Édouard Lock | The Canadian Encyclopedia


Édouard Lock

With Human Sex (1985), Lock's harsh, urban, performance-art-oriented style emphasizing maximum risk, high energy and gestural detail began to jell. Human Sex won a Bessie Award for choreography in 1986.

Édouard Lock

 Édouard Lock, choreographer, performer (b at Casablanca, Morocco 3 Mar 1954). Édouard Lock immigrated to Canada as a young child, settling in Montréal with his parents. He studied film at Concordia University and became interested in dance at LE GROUPE NOUVELLE AIRE, where he studied briefly before beginning to choreograph. His first work as a choreographer, Temps Volé (1975), attracted popular and critical attention. In 1980 he founded Lock-Danseurs, which evolved into La La La Human Steps. His first work for this company, Lily Marlene in the Jungle (1980), was followed by Oranges (1981), which won him the Jean A. Chalmers Award for choreography, and Businessman in the Process of Becoming an Angel (1983), a musical, for which his principal dancer and muse, Louise LECAVALIER, won a Bessie Award in New York.

With Human Sex (1985), Lock's harsh, urban, performance-art-oriented style emphasizing maximum risk, high energy and gestural detail began to jell. Human Sex won a Bessie Award for choreography in 1986. New Demons (1987) pushed contradictions in impulse, propulsion and danger further and toured the world for 2 years in ever-changing guises. Then Lock began to expand his activities, collaborating with other artists such as actress Bette Midler in a Home Box Office production.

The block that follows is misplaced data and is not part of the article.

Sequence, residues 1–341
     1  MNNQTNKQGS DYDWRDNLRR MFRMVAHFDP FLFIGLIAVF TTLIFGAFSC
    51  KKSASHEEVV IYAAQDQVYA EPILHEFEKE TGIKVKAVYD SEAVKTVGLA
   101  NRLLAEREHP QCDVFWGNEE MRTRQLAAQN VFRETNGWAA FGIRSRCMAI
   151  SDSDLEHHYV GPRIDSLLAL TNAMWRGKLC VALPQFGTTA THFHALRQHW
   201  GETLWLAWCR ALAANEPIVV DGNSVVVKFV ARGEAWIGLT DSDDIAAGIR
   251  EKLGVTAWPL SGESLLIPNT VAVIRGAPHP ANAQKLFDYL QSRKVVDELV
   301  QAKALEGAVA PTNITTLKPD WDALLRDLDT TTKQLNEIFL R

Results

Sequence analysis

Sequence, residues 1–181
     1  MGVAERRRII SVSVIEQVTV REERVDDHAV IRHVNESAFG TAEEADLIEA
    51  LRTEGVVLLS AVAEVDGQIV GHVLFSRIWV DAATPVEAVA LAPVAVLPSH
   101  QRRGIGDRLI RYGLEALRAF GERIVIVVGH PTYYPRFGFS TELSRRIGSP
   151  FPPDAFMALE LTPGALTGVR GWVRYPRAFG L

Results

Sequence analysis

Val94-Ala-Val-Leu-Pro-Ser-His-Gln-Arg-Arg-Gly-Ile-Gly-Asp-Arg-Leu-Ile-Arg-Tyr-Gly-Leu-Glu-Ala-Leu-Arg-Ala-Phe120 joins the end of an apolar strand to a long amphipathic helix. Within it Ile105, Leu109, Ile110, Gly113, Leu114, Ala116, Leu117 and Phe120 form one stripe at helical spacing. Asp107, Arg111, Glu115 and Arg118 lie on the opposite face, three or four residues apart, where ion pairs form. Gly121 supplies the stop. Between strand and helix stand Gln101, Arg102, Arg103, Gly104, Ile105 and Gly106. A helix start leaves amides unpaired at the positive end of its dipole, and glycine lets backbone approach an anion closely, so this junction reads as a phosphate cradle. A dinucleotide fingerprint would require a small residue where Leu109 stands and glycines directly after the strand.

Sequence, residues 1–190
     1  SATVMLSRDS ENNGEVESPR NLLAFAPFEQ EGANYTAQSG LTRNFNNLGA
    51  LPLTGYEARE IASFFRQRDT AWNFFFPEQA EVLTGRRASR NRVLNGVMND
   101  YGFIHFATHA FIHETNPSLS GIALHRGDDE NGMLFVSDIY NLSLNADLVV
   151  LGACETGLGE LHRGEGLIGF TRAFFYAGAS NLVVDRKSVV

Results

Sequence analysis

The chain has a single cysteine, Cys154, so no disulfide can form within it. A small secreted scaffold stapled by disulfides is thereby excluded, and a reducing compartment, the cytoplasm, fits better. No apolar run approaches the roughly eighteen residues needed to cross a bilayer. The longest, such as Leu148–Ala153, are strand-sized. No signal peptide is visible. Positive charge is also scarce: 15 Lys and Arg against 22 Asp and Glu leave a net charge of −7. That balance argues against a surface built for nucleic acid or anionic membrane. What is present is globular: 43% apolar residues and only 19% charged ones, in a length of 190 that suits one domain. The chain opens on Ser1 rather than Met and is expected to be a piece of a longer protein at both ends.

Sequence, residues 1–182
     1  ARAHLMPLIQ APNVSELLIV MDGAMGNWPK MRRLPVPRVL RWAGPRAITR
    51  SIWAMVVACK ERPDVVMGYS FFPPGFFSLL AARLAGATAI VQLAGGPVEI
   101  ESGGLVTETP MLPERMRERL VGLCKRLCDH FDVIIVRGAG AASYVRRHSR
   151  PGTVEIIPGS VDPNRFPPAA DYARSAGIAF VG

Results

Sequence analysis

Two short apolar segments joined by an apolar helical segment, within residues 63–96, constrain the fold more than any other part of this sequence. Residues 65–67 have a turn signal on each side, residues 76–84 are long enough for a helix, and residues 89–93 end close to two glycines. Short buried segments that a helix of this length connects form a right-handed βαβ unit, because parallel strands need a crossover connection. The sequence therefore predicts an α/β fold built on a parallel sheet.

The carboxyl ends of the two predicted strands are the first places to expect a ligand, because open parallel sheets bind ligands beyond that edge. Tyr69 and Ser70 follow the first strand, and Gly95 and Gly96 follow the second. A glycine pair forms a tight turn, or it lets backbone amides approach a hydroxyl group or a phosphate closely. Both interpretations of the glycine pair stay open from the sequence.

His company appeared with Moscow's Bolshoi Ballet in an integrated performance at Rendez-vous 87, the Canada-USSR hockey series. In 1988 he used pointe shoes and classically trained dancers for the first time, creating Bread Dances for the National Ballet of Holland. The same year he began working with British rock star David Bowie, choreographing Look Back in Anger for Bowie and Lecavalier for a benefit concert in London and televised in Wrap Around the World. In 1989 he conceived and directed Bowie's Sound and Vision world tour. He also joined The Yellow Shark, a concert by Frank Zappa and the Ensemble Modern of Germany in 1992. With other international artists, Lock participated in a round table on culture and creation held in Caen, France, in 1994 to commemorate the 50th anniversary of the Allied landings in Normandy during WORLD WAR II.

Infante, C'est Destroy (1991) enjoyed international success, playing to more than 120 000 people, 21 000 in Montréal alone. In 1995 Lock created a softer, more interior work, 2, marking a shift in attitude and a deepening maturity. It dealt with the paradoxes of life and death, strong and weak, young and old, etc, and while typical anarchistic Lockean energy reigned on the stage, images of dancer Louise Lecavalier (as she was in 1995 and might be 30 years later), moving with unhurried calm, were projected above on 2 giant video screens.